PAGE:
Flanked by Lunney and O’Reilly, Quinn sat down across from a former government minister who’d recently been appointed a director of the nationalized bank. The official told Quinn that Anglo Irish had reached a deal with his creditors. They’d seized control of Quinn Group and its operations. A judge had already signed the necessary court order. “Why?” Quinn asked, after a moment of stunned silence. “We’re happy to pay all your money back.”
“It’s done, Sean,” the official replied.
The seizure of the Quinn companies took a single day. Security teams swept the offices, and a locksmith changed the locks. Lunney and the other members of the Holy Trinity were fired, replaced by outside managers appointed by the creditors.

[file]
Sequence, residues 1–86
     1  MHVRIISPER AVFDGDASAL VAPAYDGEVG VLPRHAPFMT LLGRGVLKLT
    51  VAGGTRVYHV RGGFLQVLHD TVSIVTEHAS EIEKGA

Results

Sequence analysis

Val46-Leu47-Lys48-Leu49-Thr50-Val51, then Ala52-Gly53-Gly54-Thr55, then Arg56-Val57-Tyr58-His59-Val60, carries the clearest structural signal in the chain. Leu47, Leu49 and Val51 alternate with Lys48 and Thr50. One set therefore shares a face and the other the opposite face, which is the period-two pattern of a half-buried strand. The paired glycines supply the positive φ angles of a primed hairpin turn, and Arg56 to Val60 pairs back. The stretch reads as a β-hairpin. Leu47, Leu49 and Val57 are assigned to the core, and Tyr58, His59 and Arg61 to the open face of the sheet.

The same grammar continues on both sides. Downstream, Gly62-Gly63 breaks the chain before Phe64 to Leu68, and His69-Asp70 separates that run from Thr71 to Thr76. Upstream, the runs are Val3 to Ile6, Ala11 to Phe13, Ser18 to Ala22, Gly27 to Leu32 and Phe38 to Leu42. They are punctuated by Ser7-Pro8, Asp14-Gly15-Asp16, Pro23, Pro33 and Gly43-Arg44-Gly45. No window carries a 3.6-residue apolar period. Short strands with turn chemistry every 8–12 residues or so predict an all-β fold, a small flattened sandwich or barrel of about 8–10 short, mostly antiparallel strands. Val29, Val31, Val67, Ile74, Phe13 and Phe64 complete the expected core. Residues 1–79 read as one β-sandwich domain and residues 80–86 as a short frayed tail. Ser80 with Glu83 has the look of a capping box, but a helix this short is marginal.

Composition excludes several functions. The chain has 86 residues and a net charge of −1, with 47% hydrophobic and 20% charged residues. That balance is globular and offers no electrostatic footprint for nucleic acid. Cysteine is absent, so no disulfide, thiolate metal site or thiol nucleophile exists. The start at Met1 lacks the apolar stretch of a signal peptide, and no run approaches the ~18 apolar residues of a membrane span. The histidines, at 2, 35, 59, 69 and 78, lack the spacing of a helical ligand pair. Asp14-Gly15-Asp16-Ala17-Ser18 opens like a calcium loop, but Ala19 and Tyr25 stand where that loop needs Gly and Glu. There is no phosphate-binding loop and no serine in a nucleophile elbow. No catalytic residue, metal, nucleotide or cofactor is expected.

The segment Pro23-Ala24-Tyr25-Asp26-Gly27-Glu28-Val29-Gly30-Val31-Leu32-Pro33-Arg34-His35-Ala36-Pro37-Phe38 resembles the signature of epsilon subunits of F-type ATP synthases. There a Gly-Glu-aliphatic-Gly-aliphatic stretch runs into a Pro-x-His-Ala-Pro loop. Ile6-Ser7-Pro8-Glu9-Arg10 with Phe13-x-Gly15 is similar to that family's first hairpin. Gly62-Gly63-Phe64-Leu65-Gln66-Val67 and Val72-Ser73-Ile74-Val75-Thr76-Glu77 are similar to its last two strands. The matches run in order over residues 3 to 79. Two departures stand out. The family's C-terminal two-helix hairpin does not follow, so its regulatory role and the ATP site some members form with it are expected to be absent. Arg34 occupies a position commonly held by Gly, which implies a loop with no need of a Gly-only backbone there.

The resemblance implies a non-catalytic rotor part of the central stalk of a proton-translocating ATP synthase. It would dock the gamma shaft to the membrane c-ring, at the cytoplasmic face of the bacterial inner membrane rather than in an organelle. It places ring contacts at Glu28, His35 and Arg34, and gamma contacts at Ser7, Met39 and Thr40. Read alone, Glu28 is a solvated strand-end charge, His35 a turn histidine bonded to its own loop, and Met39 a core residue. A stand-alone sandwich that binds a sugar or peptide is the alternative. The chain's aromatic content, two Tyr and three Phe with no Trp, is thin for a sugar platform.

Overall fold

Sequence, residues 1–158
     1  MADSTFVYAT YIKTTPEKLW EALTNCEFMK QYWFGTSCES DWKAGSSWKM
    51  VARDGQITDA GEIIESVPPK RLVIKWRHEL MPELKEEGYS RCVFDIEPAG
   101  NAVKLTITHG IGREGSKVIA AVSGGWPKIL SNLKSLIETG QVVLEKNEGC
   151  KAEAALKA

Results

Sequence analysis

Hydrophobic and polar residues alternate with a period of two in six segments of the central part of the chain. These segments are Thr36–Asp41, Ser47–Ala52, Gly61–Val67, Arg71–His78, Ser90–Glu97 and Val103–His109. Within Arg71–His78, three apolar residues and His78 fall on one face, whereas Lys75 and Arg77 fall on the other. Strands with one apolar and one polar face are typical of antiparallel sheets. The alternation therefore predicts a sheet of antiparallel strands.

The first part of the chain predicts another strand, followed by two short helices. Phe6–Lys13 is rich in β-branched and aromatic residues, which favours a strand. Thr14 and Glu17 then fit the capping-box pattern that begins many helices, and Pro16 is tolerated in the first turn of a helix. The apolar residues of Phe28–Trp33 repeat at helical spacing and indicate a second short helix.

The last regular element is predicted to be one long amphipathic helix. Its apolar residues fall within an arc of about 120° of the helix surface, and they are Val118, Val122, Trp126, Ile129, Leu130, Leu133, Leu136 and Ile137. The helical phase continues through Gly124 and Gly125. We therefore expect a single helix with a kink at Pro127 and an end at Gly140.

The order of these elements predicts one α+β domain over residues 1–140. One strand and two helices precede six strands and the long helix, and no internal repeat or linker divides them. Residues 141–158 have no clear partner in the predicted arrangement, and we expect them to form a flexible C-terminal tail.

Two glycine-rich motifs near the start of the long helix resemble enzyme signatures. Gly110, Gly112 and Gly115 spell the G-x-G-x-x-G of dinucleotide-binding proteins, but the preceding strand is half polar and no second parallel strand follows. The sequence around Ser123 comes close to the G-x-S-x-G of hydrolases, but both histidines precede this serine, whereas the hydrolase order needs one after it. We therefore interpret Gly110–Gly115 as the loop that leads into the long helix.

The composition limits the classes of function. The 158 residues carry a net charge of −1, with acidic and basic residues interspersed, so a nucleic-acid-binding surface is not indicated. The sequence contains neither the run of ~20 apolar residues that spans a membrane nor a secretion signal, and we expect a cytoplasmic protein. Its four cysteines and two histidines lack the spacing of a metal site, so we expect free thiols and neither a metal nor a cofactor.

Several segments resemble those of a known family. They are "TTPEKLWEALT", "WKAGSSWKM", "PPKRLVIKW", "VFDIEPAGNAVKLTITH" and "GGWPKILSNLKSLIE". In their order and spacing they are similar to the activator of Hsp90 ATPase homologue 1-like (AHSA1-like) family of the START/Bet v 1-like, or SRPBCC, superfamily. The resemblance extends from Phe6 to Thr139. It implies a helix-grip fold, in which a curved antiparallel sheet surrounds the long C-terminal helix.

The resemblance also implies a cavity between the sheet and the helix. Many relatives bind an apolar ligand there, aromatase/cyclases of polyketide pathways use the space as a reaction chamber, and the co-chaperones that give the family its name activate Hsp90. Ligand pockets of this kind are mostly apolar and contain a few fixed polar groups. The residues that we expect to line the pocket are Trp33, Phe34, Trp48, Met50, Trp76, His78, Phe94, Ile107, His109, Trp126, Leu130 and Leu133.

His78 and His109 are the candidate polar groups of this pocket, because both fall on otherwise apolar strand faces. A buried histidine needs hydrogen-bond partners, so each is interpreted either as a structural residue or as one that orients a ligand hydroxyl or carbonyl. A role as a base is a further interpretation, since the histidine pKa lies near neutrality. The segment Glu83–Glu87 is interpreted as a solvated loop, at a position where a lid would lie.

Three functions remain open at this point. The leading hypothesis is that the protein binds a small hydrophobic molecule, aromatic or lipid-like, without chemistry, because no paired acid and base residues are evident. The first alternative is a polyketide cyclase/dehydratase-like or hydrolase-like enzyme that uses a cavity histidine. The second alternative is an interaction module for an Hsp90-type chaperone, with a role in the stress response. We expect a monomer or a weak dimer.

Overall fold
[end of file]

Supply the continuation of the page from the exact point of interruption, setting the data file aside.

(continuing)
The staff seemed shocked rather than rebellious.
The first indication that Quinn’s supporters wouldn’t go quietly came a few days later. More than a hundred people turned up in Derrylin at 7 a.m. to deliver a letter of protest. In the excitement they forced their way past security guards and into the building. During that first week someone stole a large dump truck, crashed it into the front gates, and left it there, blocking the entrance. When the regular driver was asked to move it, he refused, saying, “I can’t. I’m going to be targeted.”
Meanwhile, Quinn was campaigning to be reinstated, using a tire factory owned by Tony Lunney, one of Kevin’s brothers, as his base of operations. Tony, who still worked at Quinn Group, was given the nickname “Tony Two-Phones” by the new management— they thought he had one handset for work and another for updating Sean Quinn. Tony Lunney denies this, via a QIH spokesman, saying his second phone was a BlackBerry for email.